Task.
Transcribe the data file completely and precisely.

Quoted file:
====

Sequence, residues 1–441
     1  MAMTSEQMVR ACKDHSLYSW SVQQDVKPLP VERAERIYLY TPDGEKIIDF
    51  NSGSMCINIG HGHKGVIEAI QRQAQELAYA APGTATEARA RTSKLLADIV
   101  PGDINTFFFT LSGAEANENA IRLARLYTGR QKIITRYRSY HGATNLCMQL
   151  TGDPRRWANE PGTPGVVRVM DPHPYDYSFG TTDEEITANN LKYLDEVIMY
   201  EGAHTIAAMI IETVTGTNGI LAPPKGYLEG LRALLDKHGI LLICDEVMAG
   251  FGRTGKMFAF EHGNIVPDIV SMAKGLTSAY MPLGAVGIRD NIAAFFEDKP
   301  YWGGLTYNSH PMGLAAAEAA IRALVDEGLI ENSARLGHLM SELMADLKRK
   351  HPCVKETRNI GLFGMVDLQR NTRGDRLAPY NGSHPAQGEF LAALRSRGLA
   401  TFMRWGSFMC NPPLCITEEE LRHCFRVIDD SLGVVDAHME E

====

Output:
Sequence, residues 1–441
     1  MAMTSEQMVR ACKDHSLYSW SVQQDVKPLP VERAERIYLY TPDGEKIIDF
    51  NSGSMCINIG HGHKGVIEAI QRQAQELAYA APGTATEARA RTSKLLADIV
   101  PGDINTFFFT LSGAEANENA IRLARLYTGR QKIITRYRSY HGATNLCMQL
   151  TGDPRRWANE PGTPGVVRVM DPHPYDYSFG TTDEEITANN LKYLDEVIMY
   201  EGAHTIAAMI IETVTGTNGI LAPPKGYLEG LRALLDKHGI LLICDEVMAG
   251  FGRTGKMFAF EHGNIVPDIV SMAKGLTSAY MPLGAVGIRD NIAAFFEDKP
   301  YWGGLTYNSH PMGLAAAEAA IRALVDEGLI ENSARLGHLM SELMADLKRK
   351  HPCVKETRNI GLFGMVDLQR NTRGDRLAPY NGSHPAQGEF LAALRSRGLA
   401  TFMRWGSFMC NPPLCITEEE LRHCFRVIDD SLGVVDAHME E